If you're not yet familiar with Dialectical Behavior Therapy (DBT) and are preparing for the social work licensing exam, now's the time to get comfortable with the basics. DBT was developed by Marsha Linehan to help people with Borderline Personality Disorder. Like CBT, DBT is rigorously rooted in research and results. Like CBT, DBT aims to help people with behavioral and cognitive regulation. What DBT adds is a focus on emotional regulation, distress tolerance, acceptance, and mindfulness.
DBT clients learn to use their "wise mind" (the just-right blend of emotion and reason) with the help of a series of acronyms (e.g., "DEAR MAN," and "ACCEPTS")--simple guides to a long list of coping skills. DBT has been shown to be helpful for clients with and without BPD. Given its research orientation, targeted symptoms, and apparent effectiveness, DBT is precisely the type of approach you can expect to see show up on the social work exam.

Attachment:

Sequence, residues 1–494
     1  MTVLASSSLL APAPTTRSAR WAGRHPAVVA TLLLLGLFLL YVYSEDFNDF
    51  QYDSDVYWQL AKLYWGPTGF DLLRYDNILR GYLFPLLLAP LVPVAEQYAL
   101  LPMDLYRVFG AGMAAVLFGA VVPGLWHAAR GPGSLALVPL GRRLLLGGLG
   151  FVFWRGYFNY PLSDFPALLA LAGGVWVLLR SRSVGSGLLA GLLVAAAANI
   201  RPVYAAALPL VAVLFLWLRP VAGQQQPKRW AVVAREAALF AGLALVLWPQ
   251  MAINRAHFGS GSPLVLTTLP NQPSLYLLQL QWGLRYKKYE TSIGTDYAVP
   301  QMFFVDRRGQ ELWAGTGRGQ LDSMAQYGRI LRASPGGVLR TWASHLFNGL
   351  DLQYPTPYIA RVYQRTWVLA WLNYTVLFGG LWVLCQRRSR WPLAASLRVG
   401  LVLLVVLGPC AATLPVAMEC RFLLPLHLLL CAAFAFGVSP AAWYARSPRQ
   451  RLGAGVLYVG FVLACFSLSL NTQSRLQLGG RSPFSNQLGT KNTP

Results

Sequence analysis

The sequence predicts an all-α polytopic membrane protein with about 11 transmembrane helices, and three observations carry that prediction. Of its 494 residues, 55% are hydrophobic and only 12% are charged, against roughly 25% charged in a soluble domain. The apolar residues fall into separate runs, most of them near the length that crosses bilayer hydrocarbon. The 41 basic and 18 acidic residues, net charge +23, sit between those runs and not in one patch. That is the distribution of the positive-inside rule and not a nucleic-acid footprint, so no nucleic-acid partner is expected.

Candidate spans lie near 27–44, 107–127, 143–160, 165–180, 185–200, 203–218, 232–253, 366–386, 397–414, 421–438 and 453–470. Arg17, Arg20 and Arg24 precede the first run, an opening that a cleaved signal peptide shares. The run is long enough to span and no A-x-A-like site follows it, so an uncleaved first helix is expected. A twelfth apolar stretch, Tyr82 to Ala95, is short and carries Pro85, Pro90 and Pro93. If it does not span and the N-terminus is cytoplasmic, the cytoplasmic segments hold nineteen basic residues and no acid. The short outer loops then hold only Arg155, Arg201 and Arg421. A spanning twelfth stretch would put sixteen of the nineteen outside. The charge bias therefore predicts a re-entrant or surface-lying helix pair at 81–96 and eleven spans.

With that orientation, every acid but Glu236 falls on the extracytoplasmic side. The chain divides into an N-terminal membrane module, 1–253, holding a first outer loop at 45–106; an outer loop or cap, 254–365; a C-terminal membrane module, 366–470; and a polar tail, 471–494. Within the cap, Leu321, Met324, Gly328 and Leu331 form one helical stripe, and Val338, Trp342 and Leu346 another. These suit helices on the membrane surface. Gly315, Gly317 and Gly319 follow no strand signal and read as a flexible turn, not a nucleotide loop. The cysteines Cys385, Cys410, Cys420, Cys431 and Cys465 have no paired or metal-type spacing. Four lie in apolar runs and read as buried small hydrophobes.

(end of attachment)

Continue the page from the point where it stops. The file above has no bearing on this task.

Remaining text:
For further review: DBT at Wikipedia and the Skills Training Manual for Treating Borderline Personality Disorder, by Marsha Linehan.